As I got older, I became obsessed with seeing myself reflected within society. To find this, I started looking into hip-hop. Afterward, I wanted to understand where hip-hop came from. I went back and began to understand how much race, injustice, struggle, and adversity played into its story. At school, I became obsessed with history and social studies. The people around me were feeding me the right information to keep me hungry. I think it’s an innate thing for people who are hyper-empathetic and sensitive to want to understand why things are the way they are.
Tell us about the conditions this was all happening under?
I grew up in West Auckland, mostly around Avondale. I have three siblings, but I’m the oldest. My mum was a single mum, and we moved around a lot. My dad wasn’t around. He’s from Fiji. He came over to New Zealand in his early twenties. Now he lives in Christchurch, but he bounces back and forth between there, Auckland, and Fiji. I was moving from school to school. One year I was in a very intensely religious Christian college, the next I was at Avondale College. I was getting a real split-mindedness and was aware of dualities from day one.
Could you expand on how hip-hop was your entry point into finding out more about who you are?
I first started to gravitate towards it because they all looked like my dad. I think most people of colour who gravitate towards hip-hop when they’re young, subconsciously have those feelings of trying to find themselves or find a father figure. I found all these men who looked like my dad. At first, it was very mainstream hip-hop. This was in the mid-2000s, so 50 Cent, Timbaland, Missy Elliot, Dipset, etc. At the time, I was very obsessed with dancing to hip-hop music. That was also the era of hip-hop dance becoming so big. The platform was changing. You had things like ‘You Got Served, ‘ and everyone was doing these competitions and things. Then I started to get obsessed with lyricism and the skill and technique behind it.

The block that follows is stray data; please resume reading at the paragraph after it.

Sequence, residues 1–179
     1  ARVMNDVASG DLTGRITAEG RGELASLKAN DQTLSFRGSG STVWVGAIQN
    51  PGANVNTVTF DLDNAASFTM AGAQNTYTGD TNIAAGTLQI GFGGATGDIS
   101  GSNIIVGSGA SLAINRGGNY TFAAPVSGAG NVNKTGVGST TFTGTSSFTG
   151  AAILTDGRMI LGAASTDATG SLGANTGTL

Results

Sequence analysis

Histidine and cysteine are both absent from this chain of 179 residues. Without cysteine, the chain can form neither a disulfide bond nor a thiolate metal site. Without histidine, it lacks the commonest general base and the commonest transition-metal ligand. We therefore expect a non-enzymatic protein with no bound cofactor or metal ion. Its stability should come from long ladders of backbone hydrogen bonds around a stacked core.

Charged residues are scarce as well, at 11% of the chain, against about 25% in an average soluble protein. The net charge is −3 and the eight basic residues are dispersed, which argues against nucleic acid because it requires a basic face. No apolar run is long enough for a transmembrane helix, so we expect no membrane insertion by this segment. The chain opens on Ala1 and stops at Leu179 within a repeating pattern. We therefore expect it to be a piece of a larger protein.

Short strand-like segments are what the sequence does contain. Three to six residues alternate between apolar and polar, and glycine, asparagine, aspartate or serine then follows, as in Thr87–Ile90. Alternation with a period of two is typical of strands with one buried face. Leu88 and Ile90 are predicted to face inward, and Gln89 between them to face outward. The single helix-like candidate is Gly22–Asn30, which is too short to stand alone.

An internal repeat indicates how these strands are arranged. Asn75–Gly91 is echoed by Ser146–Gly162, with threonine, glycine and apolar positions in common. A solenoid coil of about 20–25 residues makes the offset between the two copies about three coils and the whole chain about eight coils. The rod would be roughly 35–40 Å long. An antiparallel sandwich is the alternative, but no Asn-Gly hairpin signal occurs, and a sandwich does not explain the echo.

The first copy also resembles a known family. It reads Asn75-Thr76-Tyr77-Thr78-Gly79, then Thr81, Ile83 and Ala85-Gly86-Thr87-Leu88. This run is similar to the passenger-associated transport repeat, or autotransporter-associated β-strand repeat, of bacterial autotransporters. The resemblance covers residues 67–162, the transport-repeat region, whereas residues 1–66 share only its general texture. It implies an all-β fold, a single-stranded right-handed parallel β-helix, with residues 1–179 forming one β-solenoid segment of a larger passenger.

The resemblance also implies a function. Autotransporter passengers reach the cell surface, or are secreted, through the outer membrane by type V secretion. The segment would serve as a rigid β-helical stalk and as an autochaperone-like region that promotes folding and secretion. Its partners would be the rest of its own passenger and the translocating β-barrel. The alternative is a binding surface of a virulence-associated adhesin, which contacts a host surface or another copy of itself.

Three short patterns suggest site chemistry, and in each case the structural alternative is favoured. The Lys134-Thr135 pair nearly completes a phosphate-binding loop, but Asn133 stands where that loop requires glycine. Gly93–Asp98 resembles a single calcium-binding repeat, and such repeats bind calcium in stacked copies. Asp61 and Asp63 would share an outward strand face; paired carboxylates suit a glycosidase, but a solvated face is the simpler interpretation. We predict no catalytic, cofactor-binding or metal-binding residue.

When you talk about becoming obsessed with lyricism, skill, and technique, who were your reference points?
Like everyone else, I was completely enamored with Tupac. I saw the poet and the prophet in him immediately. When I realised I wanted to perform poetry, I would listen to Tupac’s tracks, and I memorise his words, but more specifically his breathing and his accents, his tempo and his emphasis on certain words. I realise I was trying to train myself in performance poetry. I was mimicking rap I knew – in terms of weak internal rhyme schemes – because I didn’t have any other references. My indirect study of his lyricism and the way he performed his language was quite a strong influence. Sometimes I still catch myself mimicking those things.
Did you go to dance school directly after high school?
Yeah. I had a conversion when I was seventeen. I was strictly hip-hop dance for a long time. I thought that was what I was going to do as a career, and I was very focused on it. Then I saw this company from New Zealand perform who had all brown men on stage. That wasn’t that common back then. Again, the same as poetry, I recognised their physical language and knew I could do this. I was asked to audition for their youth company. I got in and trained extensively for three months. There, I found the vocabulary I needed to express myself properly.
After that, you began a Bachelor of Performing and Screen Arts (majoring in Contemporary Dance) at Unitech in Auckland. By second year, you’d returned to poetry. Was this when you started looking beyond hip-hop for reference points there?
I’m a child of the internet, so I youtubed poetry, and I found all these amazing people. My friend showed me this poem called ‘Crossfire’ by Staceyann Chin. It was the first time I had seen a mixed race woman performing her poetry so aggressively. Again, I saw myself in something. I wanted to do it and began finding references in other poets. I was very much caught up in the spoken word thing for a good few years. Then I started to read a bit more [laughs].